We began our journey in eastern Congo (DRC) in Aru, a place spared much (though not all) of the violence that is so typical of this country.
Anglican Relief and Development Fund helped establish a project in this diocese that we had the chance to see and evaluate, and as is the case so often (though not every time), to be deeply encouraged by.
It’s hard to overstate how critical the role of the church is in Africa, and especially in these less developed or ravaged regions in countries whose central government just doesn’t function, or worse, makes matters more difficult. Failing to notice any signs of government help in education or medical facilities as we drove, I asked the bishop if the Congolese government does anything at all for the people in this far off corner of the country. He replied, “The central government has not really been doing a lot for the people. The church is doing a lot. Without it, people would die.” I believe it. I’ve seen it.
Realizing the problem of problematic men in this society, the church here in Aru with the bishop’s vision started a training program in carpentry specifically targeting those men and boys who had been identified by the community as ‘troublemakers’, were former soldiers, or are already into drugs. The program is designed to develop them spiritually in Christ, and also offer a trade whereby they could make a good living versus squandering their lives or ruining the lives of others.
Our grant made most of the project possible, including building the carpentry shops and classrooms, acquiring the tools and machines, and the first round of wood. Sixty men at a time (there’s already a waiting list) go through a year long training, and in the end walk away being able build tables, desks, beds, chairs, and other items. There is so much expansion in the diocese in the development of schools and other projects sponsored by the church alone that there is a steady market for their products, and already the program is self-sustaining after just two years. In a wonderful example of the sort of partnership that ARDF hopes to engender and see, initially when our first grant wasn’t enough to complete certain elements like more equipment and a roof to over it, the church simply made up the difference from their own funds without ever asking us for more help. As for the community impact, the neighborhood was so supportive of the project that they donated the land on which the carpentry shop is located and gave 10 more acres for further expansion.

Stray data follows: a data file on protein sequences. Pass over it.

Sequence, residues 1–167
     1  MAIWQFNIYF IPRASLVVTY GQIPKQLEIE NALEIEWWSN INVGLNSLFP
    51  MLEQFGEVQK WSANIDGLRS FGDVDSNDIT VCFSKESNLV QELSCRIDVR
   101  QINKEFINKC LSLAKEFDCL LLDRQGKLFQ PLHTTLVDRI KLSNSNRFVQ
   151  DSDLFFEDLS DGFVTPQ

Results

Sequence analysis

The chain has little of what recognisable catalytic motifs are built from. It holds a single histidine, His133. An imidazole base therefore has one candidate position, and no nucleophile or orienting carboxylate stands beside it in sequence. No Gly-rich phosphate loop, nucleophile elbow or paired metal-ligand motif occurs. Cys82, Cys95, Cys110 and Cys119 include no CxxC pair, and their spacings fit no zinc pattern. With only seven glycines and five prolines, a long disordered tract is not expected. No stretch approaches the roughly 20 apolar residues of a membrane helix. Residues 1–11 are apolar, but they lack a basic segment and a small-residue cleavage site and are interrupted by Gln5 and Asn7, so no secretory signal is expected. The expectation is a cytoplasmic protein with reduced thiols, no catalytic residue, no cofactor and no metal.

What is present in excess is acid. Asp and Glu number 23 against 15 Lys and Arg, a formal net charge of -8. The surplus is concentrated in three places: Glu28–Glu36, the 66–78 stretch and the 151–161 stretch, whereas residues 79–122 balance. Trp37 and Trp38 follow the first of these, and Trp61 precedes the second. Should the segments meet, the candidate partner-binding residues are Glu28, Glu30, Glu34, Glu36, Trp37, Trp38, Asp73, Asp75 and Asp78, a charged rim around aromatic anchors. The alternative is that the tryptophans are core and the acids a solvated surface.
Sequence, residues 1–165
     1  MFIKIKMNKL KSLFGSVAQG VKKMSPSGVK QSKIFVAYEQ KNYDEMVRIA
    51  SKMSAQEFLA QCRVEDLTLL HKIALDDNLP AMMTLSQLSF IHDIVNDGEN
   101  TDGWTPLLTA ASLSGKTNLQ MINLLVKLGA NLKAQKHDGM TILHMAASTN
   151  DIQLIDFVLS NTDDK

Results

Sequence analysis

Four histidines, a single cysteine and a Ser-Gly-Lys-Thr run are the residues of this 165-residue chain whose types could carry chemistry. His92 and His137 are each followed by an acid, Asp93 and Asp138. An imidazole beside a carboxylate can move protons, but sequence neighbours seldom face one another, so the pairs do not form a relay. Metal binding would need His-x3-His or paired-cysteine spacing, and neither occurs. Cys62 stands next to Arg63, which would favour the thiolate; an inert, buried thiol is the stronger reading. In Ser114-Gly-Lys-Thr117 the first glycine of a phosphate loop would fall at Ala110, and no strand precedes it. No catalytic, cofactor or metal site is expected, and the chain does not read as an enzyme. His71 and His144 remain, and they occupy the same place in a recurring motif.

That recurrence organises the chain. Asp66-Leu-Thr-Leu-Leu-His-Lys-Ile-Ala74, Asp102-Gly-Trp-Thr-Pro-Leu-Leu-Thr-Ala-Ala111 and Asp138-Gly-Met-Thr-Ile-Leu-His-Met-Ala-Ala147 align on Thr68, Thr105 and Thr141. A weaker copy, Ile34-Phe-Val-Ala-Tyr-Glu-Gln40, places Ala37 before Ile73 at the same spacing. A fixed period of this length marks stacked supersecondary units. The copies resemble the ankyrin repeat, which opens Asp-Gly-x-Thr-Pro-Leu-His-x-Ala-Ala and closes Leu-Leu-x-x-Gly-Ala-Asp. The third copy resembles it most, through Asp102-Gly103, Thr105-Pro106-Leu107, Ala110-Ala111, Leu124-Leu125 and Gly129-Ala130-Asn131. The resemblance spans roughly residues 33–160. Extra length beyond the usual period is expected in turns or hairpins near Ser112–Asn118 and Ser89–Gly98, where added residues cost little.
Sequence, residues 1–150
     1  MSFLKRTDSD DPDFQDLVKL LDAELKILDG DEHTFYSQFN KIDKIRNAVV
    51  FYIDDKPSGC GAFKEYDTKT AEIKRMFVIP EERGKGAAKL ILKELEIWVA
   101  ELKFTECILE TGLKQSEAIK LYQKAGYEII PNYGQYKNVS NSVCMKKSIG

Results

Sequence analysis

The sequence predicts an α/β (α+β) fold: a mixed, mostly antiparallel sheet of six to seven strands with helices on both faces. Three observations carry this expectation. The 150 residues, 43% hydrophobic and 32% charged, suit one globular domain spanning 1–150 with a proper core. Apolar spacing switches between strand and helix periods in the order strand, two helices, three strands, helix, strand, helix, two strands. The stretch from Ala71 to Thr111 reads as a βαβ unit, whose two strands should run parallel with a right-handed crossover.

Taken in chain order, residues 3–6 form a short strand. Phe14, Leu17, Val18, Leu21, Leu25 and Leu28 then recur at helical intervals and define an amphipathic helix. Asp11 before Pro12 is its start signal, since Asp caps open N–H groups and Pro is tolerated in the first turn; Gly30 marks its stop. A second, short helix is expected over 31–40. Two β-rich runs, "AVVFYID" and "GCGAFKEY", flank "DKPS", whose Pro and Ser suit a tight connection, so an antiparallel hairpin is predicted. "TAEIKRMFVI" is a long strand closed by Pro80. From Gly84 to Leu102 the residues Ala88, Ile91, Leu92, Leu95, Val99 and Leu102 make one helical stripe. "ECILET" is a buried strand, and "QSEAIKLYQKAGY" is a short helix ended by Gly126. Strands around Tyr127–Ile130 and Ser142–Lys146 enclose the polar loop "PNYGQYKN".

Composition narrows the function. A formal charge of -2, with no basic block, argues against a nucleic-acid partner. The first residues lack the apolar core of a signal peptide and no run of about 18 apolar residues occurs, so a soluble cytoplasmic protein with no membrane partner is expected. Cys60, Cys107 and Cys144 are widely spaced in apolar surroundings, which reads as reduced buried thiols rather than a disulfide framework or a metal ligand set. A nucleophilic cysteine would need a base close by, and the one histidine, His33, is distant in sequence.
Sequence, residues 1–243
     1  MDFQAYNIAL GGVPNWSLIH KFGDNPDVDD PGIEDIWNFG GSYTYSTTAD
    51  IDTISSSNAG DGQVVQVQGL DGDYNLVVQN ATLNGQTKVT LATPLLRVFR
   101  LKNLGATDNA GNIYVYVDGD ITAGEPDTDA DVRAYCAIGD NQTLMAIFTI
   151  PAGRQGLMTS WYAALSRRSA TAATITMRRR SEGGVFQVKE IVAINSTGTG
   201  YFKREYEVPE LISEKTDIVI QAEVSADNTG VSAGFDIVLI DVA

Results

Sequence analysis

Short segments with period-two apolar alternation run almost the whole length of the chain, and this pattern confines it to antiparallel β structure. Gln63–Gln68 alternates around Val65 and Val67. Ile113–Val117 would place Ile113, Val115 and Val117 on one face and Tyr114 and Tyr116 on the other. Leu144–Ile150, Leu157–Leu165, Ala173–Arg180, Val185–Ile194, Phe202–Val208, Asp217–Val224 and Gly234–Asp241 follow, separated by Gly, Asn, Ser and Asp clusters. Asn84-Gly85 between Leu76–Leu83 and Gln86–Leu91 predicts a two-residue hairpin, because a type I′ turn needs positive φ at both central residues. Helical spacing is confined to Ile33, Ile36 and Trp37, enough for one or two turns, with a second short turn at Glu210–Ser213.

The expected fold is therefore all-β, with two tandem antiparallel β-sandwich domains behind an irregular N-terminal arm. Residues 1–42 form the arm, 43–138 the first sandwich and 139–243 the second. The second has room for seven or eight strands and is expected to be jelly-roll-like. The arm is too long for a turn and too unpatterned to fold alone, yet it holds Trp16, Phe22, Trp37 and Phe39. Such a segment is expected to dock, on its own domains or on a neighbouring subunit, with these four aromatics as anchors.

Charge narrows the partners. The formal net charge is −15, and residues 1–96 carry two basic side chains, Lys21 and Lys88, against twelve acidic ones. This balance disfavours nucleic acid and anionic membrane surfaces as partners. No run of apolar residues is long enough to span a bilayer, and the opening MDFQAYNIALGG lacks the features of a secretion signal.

I asked one of the young man who had just completed the full year training how the program had made his life better, and got a different answer than what I was expecting, a better answer. I had expected him to say it meant that he could make money and have a better future because he now had a skill. Well, that’s in fact true. But what he said was “Spiritually, I am OK, because being here I am under the church and all the behaviors that I used to have will be changed. I was just baptized.”
For the part of ARDF, that’s money very well spent indeed. For the sake of Congo, this is one sign of hope, out of sixty that we saw in Aru. We met men learning to be carpenters, and even better, learning to be disciples of the Carpenter.